Sunday, 14 November 2010

The secret of life

Goya, "The French Penalty", c. 1824
One of the important themes in Pope Benedict's social encyclical is the so-called "right to life", which has become a bone of contention in modern society. "When a society moves towards the denial or suppression of life, it ends up no longer finding the necessary motivation and energy to strive for man's true good" (28). The reason is simple. Man is not "merely the fruit of either chance or necessity" (as the Pope puts it in the section of the right to religious freedom, 29). He is made in God's image, and his life belongs to God. We must not treat it as something over which we have dominion, either to manufacture or destroy, as he discusses in Chapter 6 on technology. Both abortion and euthanasia are fostered by a "materialistic and mechanistic understanding of human life" (75).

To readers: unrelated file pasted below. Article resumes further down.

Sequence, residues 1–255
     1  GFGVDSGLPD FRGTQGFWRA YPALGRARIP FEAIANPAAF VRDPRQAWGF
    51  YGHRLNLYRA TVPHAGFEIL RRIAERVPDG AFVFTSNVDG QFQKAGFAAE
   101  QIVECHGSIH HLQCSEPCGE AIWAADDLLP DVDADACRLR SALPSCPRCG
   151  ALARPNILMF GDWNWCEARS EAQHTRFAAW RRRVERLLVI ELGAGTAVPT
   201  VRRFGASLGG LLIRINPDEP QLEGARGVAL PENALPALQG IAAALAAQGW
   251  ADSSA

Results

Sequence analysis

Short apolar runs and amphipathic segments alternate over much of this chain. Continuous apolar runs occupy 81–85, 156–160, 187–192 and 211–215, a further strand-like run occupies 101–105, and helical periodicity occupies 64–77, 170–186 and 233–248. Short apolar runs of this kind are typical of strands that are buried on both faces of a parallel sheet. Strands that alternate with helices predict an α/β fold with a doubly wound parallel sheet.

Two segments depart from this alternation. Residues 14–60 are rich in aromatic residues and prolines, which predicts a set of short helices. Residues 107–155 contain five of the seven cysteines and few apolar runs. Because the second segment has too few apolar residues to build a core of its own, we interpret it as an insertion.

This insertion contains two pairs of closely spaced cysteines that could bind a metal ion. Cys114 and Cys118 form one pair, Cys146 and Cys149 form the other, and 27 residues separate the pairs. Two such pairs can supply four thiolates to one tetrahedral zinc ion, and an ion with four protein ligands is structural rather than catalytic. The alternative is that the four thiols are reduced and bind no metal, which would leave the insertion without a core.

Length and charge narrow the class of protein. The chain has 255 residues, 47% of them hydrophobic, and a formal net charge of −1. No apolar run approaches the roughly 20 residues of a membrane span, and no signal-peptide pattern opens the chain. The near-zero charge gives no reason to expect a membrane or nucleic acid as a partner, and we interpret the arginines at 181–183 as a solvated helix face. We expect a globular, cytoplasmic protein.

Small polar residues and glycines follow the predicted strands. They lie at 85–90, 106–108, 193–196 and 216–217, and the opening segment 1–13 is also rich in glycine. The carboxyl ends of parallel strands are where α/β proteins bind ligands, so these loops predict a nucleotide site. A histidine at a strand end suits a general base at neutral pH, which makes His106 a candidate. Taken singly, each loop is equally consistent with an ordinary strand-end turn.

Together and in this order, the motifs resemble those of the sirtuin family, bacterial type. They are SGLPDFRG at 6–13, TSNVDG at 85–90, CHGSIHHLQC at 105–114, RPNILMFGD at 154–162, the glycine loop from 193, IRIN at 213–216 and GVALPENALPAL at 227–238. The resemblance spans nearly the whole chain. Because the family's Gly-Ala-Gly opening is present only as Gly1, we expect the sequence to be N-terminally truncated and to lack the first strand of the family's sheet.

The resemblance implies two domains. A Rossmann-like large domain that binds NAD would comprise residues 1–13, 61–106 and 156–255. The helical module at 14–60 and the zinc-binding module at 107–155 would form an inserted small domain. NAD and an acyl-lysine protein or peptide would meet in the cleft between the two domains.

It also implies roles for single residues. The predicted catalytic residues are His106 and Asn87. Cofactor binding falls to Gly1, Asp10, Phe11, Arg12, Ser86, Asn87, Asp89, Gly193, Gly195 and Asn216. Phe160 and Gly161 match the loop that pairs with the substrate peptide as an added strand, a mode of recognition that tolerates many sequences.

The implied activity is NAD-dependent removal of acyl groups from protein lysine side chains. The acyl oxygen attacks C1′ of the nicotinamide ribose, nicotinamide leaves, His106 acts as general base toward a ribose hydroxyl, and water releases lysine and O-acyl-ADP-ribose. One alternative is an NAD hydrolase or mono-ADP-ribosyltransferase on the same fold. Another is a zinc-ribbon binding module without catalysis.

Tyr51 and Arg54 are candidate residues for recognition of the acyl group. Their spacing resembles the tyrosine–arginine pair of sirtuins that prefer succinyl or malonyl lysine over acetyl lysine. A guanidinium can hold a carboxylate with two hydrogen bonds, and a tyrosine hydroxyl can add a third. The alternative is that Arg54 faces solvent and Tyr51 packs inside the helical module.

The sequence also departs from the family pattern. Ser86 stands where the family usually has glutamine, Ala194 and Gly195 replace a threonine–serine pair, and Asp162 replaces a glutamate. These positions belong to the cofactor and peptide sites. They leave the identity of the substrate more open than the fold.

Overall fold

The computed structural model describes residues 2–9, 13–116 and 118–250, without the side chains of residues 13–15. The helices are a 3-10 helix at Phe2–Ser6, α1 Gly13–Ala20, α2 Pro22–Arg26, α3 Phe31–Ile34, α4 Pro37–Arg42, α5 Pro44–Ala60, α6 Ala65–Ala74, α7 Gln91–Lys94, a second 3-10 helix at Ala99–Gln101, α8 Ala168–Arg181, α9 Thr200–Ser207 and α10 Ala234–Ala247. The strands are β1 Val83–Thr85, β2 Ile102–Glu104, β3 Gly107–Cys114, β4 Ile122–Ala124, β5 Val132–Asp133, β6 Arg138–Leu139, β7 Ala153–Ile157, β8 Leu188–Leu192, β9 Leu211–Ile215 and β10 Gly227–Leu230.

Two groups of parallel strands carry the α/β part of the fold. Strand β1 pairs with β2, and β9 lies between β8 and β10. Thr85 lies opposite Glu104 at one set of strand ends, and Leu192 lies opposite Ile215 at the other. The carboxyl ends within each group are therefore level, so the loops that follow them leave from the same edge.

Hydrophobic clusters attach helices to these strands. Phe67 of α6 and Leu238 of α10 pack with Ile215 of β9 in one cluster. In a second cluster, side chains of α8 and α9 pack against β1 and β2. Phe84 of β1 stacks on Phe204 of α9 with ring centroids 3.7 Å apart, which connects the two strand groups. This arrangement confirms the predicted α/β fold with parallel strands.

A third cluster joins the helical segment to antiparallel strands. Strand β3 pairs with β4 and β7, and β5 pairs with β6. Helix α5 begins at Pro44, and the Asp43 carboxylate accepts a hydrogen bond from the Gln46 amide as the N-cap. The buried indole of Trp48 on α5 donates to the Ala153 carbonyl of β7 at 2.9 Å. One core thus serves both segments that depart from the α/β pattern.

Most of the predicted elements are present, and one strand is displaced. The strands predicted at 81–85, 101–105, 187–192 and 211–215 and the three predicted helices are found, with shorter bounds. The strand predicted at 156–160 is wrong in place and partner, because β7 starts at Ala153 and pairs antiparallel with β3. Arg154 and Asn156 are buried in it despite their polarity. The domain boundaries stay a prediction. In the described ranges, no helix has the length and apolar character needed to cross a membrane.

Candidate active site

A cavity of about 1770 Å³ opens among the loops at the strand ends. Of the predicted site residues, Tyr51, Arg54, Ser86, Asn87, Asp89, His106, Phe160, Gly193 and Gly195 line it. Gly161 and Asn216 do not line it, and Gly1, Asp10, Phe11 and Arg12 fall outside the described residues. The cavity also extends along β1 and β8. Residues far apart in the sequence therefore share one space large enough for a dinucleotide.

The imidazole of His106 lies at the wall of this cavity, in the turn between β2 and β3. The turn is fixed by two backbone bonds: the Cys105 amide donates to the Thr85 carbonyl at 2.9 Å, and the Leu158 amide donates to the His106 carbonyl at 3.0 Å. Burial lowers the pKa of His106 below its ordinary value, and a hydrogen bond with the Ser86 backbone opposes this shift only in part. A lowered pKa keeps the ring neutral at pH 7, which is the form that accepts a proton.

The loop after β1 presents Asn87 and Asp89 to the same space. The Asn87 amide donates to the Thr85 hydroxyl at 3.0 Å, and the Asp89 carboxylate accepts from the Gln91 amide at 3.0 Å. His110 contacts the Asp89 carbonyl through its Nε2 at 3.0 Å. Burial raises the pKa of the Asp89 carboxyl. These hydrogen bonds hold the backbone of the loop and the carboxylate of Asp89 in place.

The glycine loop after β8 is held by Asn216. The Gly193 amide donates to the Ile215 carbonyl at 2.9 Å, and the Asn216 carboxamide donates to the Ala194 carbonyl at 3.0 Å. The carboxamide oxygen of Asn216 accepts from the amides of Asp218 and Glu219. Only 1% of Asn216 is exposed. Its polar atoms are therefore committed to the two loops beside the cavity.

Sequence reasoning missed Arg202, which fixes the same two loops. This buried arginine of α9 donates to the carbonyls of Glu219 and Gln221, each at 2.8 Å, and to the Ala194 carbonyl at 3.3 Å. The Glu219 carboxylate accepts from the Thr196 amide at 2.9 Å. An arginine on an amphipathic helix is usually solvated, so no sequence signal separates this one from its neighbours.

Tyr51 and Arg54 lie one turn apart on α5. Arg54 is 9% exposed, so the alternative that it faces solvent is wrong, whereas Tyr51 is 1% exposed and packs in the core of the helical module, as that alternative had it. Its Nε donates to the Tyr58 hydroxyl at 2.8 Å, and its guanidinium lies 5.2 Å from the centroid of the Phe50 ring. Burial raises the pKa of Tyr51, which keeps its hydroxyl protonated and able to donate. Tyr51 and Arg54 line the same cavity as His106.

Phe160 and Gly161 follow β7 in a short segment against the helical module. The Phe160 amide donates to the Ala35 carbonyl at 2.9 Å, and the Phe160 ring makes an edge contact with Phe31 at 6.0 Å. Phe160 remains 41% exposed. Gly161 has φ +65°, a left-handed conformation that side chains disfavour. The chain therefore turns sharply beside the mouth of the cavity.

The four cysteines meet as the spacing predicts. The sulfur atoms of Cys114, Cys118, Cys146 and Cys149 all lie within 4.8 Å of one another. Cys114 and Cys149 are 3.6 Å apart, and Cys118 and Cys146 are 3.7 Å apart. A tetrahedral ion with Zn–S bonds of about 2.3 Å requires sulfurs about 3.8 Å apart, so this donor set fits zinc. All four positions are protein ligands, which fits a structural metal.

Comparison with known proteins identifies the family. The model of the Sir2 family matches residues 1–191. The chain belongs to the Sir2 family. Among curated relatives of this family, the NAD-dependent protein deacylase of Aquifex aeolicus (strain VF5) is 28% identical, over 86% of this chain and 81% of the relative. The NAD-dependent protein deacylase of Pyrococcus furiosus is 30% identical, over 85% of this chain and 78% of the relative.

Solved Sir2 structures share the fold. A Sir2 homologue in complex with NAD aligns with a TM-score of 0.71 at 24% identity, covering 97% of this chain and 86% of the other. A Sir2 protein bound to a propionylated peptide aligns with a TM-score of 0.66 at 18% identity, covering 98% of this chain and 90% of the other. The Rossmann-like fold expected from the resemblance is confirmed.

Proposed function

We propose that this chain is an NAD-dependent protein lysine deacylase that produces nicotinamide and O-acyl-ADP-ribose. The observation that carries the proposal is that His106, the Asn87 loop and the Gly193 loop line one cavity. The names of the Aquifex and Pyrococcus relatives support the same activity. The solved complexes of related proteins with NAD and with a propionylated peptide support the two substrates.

Yet the pressures towards both cannot be overestimated. As we have seen with recent changes in sexual ethics, without a firm understanding of why these things are wrong, they soon become socially acceptable and then commonplace. Chesterton once joked that one might overcome the need for birth control by letting all the babies be born and then killing those one didn't like. He was attempting a reductio ad absurdum, but today influential philosophers are advocating infanticide in all seriousness.

So, what is intrinsically wrong with abortion and the "mercy killing" of human beings? We cannot understand this without some appreciation of the notion